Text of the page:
- English, lots of English. Before I moved here I thought it was sad when expats moved to Asia and they just stayed within their little groups and did not make an effort to learn the local language or adopt the local culture. Do I still judge this a little? Sure, even when it comes to myself. But, Hong Kong is a fantastic place to have the option of doing both. You always feel safe because all the signs are in English, menus are in English, and most stores/establishments have at least one person who pretends to understand you when you speak in English. I tried to learn Cantonese, and now Mandarin, but it's freaking hard and sometimes I like just being able to know what is going on.
- Speaking of which, safety. Hong Kong is the safest place I have ever lived. Seriously. All the streets are well lit, and even if they're not, nobody bothers you. People don't cat call at you, they don't really notice you, and violent crime is extremely rare. Theft happens sometimes (it's not Utopia) but only if you're reckless, or you're unlucky, or blacked out on a park bench. You can't underestimate how good this feels.
- Everything is always changing. Sure, this is true in other cities, but there is really a grassroots energy when it comes to Hong Kong. In the last 15 years it has belonged to 2 different countries, and its culture is shifting every day because of that. When it comes to business and technology, it's a little bit of the Wild West. There's so much room for innovation and disruption that you can't help but constantly feel excited by the possibilities.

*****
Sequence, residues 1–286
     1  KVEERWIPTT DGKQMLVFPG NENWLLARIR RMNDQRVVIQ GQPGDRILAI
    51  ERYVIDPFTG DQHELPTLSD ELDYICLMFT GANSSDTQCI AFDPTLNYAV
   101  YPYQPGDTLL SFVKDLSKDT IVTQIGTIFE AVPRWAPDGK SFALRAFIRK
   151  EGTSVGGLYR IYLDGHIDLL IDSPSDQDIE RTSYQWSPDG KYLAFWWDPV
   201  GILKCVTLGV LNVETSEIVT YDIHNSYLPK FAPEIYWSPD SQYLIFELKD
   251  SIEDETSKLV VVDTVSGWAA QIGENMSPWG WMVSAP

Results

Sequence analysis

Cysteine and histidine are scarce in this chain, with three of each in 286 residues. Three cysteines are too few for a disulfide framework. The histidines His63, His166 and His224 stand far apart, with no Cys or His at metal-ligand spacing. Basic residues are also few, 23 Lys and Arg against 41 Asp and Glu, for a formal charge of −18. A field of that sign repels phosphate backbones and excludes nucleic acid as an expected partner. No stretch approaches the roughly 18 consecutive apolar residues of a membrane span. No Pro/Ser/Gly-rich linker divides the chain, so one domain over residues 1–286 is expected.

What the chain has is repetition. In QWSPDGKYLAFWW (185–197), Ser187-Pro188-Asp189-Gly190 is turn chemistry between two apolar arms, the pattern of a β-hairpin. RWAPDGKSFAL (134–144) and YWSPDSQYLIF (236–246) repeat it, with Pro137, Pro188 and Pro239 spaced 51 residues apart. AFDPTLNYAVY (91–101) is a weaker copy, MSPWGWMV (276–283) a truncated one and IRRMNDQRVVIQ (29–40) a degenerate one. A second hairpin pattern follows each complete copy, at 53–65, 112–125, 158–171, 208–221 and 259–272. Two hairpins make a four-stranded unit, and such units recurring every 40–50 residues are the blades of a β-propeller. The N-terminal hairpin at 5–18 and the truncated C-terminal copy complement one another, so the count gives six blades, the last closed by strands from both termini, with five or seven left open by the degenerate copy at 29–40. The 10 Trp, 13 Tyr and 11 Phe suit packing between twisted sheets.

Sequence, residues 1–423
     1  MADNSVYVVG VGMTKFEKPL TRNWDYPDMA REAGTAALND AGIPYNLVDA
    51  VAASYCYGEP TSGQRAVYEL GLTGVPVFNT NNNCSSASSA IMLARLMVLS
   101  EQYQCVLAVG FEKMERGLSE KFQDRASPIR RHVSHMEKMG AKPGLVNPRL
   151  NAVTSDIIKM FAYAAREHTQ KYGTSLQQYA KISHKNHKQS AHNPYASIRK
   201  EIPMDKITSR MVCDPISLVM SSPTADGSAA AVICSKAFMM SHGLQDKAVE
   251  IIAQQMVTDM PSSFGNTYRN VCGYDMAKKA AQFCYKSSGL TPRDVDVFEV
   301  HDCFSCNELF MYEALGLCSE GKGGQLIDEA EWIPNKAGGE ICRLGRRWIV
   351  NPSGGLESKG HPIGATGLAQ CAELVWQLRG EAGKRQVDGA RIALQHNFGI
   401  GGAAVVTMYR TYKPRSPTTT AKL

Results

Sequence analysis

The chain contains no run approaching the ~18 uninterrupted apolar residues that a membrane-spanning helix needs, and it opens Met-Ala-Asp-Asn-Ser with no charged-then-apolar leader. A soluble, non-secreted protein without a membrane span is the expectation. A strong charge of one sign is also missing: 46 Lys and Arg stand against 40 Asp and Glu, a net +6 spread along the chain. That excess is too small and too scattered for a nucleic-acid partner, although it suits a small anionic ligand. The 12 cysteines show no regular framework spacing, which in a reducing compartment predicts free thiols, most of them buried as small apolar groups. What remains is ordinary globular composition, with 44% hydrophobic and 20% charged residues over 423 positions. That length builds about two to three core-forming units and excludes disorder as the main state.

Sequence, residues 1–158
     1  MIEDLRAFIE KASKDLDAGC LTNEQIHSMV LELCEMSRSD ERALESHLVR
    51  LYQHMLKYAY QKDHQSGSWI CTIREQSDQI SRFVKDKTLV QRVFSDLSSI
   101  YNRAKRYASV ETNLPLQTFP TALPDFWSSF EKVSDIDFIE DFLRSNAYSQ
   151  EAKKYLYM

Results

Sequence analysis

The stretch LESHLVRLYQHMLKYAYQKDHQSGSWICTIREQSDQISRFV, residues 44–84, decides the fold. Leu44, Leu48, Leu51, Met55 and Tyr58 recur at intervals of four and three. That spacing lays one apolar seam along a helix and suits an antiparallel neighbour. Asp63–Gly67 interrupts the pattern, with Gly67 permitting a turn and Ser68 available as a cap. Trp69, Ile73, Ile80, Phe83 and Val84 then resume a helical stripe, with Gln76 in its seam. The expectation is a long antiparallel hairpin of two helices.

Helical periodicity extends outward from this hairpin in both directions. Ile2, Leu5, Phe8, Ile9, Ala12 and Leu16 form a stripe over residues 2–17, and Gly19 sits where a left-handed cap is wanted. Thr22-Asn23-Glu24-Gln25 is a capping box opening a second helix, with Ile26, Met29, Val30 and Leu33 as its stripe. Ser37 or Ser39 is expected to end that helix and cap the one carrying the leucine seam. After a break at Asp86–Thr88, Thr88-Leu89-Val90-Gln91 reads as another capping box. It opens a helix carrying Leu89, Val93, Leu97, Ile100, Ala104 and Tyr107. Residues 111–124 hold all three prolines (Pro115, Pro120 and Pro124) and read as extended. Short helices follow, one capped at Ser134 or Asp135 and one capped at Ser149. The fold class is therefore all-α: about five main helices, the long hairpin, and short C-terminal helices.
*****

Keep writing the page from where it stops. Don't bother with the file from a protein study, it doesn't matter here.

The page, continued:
- Especially within the expat community, most people living here are adventurous by nature, and so a lot (not all) are usually willing to go out on a limb or try something new. I love that. It is similar to how I felt when I left Goldman and joined General Assembly. All of a sudden, nobody was fighting to protect their turf. Nobody was worried about stepping on each other's toes. At GA and in the startup world more generally, everyone was supportive of each other because there was just so much to be done that if someone else was seizing an opportunity, it was good for the entire community because it was probably something that you wanted to do but just didn't have the time or the burning desire to do and now you can at least learn from what they are doing.